Another misconception is that everyone in these three countries speaks English. Of course, there are plenty who do, and generally this will be to a very high level, but it shouldn’t be assumed. If you are thinking of relocating to Germany, Austria or Switzerland you’d be well advised to learn at least some of the language to ensure that you can find work, make friends and integrate into the local community.

German courses are available in a range of lengths and formats, and at a variety of prices. Options include tailor-made, individual or small-group courses, part-time evening courses and general or intensive language programmes in Germany, Austria and Switzerland.

Is Spanish the new French?

Over the last few years Spanish has certainly overtaken German in the popularity stakes when it comes to GCSE and A Level learning, but French has always remained constant in its take-up. Could this be changing, though?

French, in particular, has long featured in the curriculum of most secondary schools, and even some primary ones. Whilst learning the language has always enabled people to live and work with French people, the reasons for teaching it in decades gone by were arguably less professionally-orientated than today. Being able to speak French always had a certain amount of prestige attached to it, which is perhaps historically why it was taught. In addition, with foreign travel more limited, France, our closest continental neighbour, was a popular holiday destination and people were encouraged to learn the basics to get by.

In the globalised world of today, it’s much easier to live and work abroad, and there are far more large, international companies with a need for foreign language speakers. Whilst French still plays an important role on the world stage, possibly the most useful language on a global scale is Spanish. Spanish gives you access not only to Spain, but also to the scores of countries on the South American continent that have Spanish as a first language.

French, and German for that matter, are fantastic languages that will hopefully continue to be taught in schools, even if just for the close historical links that France and Germany have to Britain. Learning a language gives you a great insight into the culture of the people who speak it, which shouldn’t be overlooked.

Given the number of Spanish speakers in the world, and the emergence of Latin America on the global commercial stage, is it right that students should be encouraged to learn Spanish as a first option?

Please leave us your comments below!

Read the BBC’s full article on A Level take-up by subject

Cactus offers evening language courses in the UK and the US, language courses abroad, and tailor-made language training

UK language schools win High Court battle over visa restrictions

The new restrictions had been drawn up by the former Labour government, who thought that illegal immigrants and migrants seeking low-skilled work were abusing the system.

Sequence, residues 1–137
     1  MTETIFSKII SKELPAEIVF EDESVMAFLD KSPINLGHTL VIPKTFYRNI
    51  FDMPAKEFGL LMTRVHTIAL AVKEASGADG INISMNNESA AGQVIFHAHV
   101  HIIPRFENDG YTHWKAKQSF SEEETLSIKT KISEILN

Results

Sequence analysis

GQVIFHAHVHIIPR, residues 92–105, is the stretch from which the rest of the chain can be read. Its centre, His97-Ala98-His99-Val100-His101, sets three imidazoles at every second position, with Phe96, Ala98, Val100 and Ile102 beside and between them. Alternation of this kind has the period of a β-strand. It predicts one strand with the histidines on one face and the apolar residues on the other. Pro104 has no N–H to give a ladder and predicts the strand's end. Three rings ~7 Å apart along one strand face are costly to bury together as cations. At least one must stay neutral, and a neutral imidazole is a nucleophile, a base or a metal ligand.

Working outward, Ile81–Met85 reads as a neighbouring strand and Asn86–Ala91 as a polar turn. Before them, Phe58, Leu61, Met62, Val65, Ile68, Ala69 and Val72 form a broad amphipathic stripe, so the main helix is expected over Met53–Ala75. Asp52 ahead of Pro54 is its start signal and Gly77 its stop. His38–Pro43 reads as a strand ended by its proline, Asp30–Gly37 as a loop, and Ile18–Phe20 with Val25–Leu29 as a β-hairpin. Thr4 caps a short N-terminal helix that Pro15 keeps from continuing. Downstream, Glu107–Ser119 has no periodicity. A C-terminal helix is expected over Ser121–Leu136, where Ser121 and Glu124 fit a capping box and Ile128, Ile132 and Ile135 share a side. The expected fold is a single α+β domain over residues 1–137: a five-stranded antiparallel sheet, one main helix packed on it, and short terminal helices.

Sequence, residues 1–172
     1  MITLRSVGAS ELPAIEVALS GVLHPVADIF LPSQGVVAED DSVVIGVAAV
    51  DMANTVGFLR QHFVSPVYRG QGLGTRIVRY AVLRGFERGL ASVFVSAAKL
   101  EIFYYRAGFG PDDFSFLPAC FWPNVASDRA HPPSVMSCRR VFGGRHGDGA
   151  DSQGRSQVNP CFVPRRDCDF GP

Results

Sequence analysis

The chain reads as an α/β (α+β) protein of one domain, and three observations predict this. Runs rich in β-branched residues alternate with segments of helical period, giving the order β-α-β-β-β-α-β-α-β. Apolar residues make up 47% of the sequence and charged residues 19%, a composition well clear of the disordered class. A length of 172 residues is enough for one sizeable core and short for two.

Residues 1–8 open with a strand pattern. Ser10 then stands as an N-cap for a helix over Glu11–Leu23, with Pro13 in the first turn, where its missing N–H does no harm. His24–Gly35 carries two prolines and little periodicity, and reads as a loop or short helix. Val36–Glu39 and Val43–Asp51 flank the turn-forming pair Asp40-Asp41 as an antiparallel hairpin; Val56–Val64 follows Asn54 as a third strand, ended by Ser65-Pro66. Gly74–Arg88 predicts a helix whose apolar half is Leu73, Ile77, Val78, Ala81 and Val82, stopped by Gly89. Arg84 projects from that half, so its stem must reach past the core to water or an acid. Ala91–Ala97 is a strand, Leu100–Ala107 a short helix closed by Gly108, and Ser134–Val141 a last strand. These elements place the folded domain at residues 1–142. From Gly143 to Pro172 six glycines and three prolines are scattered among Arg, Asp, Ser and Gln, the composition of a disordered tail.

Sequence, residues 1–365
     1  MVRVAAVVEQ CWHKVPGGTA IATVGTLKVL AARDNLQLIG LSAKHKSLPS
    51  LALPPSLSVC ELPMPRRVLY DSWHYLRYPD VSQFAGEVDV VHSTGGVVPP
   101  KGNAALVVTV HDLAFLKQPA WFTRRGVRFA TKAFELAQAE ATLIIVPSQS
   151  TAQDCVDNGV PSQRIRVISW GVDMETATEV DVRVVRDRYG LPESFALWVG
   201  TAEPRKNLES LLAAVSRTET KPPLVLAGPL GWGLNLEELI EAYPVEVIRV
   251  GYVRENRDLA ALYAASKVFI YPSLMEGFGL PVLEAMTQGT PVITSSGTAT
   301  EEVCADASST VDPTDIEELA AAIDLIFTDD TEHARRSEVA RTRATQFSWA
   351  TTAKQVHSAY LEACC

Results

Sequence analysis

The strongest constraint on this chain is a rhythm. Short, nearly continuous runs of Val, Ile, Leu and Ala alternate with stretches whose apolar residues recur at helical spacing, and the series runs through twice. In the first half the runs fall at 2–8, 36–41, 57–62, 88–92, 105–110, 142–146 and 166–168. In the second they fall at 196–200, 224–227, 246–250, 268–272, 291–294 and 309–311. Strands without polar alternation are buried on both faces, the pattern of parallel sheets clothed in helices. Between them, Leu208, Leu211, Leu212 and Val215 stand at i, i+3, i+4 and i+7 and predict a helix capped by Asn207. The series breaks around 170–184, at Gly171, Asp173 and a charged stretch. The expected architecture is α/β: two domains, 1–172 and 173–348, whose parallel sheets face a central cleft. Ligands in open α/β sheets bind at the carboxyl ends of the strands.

The feeling amongst language schools and many other organisations however, was that it’s nonsensical to require students to know English before they come here expressly to study it.

The case was brought by English UK, a body that represents 440 language schools, whose main argument was that the Home Office should have brought the issue back to Parliament for proper debate.

Mr Justice Foskett said the fresh restrictions had been ‘achieved through altering guidelines when there should have been a formal change to the rules‘, with the matter referred back to Parliament.

Chief Executive of English UK Tony Millns said: “I am delighted and relieved.”

“We are pleased that Mr Justice Foskett saw the merits of our case and we believe that his decision is good for the UK economy, to which the English language sector contributes about £1.5 billion in foreign earnings each year.”

He said he hoped common sense would now prevail so that students could come into the UK to study English with a lower level in the language.

The current government says it is reviewing English language requirements across the visa system, and that it is committed to undertaking a review into the Student Tier of the Points Based System later in 2010 to ensure that all students coming to the UK are genuine.

Read the full story on the Guardian website

Visit the Cactus Language website for full listings of English courses in the UK

Cactus nominated for an LTM Star Award

The LTM Star Awards are unique, peer-voted awards in the international education industry that take place annually.  Education organisations vote for their preferred agent partners and vice versa, with the winners revealed in a glitzy ceremony in London every September.

This year, a record number of votes were cast, indicating that all those shortlisted are well thought of by their school partners. We pride ourselves on our high levels of customer service, and the great partnerships that we maintain with our partner schools not just in Western Europe, but all over the world. For this reason, it means a lot to us to be shortlisted again, and we are very hopeful that we’ll win the award.

The winners will be announced at the Language Travel Magazine Star Awards ceremony on 4th September 2010. Please wish us luck – we’ll keep you posted!

Find out more about Cactus’ language course locations around the world